HIPAA policies and procedures are an essential part of implementing an effective compliance program in your behavioral health practice.
Federal regulation requires that HIPAA Privacy and Security standards be addressed by a series of policies and procedures that work throughout your entire practice. These policies and procedures form the basis of your compliance program–all activities involving the use, storage, and distribution of protected health information (PHI) are governed by these regulatory standards.
There are many different resources available to covered entities (health care providers, health plans, and clearinghouses) to create policies and procedures for their organizations. Implementing good policies and procedures is not as simple as purchasing a binder, though. It’s important to keep in mind the HIPAA regulatory requirements that must be met in order to ensure your policies and procedures are compliant with the law.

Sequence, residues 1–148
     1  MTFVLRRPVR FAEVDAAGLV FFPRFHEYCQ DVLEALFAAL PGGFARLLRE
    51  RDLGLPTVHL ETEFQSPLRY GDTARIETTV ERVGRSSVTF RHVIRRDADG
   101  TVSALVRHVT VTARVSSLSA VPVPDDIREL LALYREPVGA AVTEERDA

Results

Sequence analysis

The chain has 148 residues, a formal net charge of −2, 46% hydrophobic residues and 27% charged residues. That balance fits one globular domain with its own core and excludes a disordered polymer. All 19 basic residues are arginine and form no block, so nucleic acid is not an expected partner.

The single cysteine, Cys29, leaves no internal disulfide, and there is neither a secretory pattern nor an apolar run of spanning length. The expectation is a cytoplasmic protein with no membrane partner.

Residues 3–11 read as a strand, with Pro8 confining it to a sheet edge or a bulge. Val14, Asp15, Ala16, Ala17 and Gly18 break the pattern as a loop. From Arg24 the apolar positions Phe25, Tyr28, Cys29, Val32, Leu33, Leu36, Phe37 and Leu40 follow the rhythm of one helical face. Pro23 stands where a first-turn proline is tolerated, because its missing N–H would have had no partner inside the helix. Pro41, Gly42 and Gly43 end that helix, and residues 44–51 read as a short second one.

Below, we discuss the major requirements that behavioral health specialists should keep in mind when deciding on HIPAA policies that they implement in their practice.
- Policies and Procedures must be reviewed on an ongoing basis. If your practice undergoes a major change, your policies and procedures must be updated to reflect this chance. An example would be if you update workstations or change physical locations. Policies and procedures must accurately reflect the current state of your business, including privacy and security requirements that may change over time.
- Policies and Procedures must be tailored to your practice. Stock binders of policies and procedures that are not customized to the way you do business can be dangerous in the event of a data breach or HIPAA investigation. If your policies and procedures do not match up with the particulars of your practice, you could be at risk of a fine in the event of a HIPAA audit.
- Staff must be trained to follow all Policies and Procedures. Regular employee training sessions must be held so that staff members are aware of the policies and procedures of your practice. In addition to this training, staff members must attest with documentation that they have read and reviewed these HIPAA policies and procedures. In the event of a HIPAA breach, you must be able to prove that your employees were trained on the particulars of these policies and procedures in order to avoid monetary penalties.
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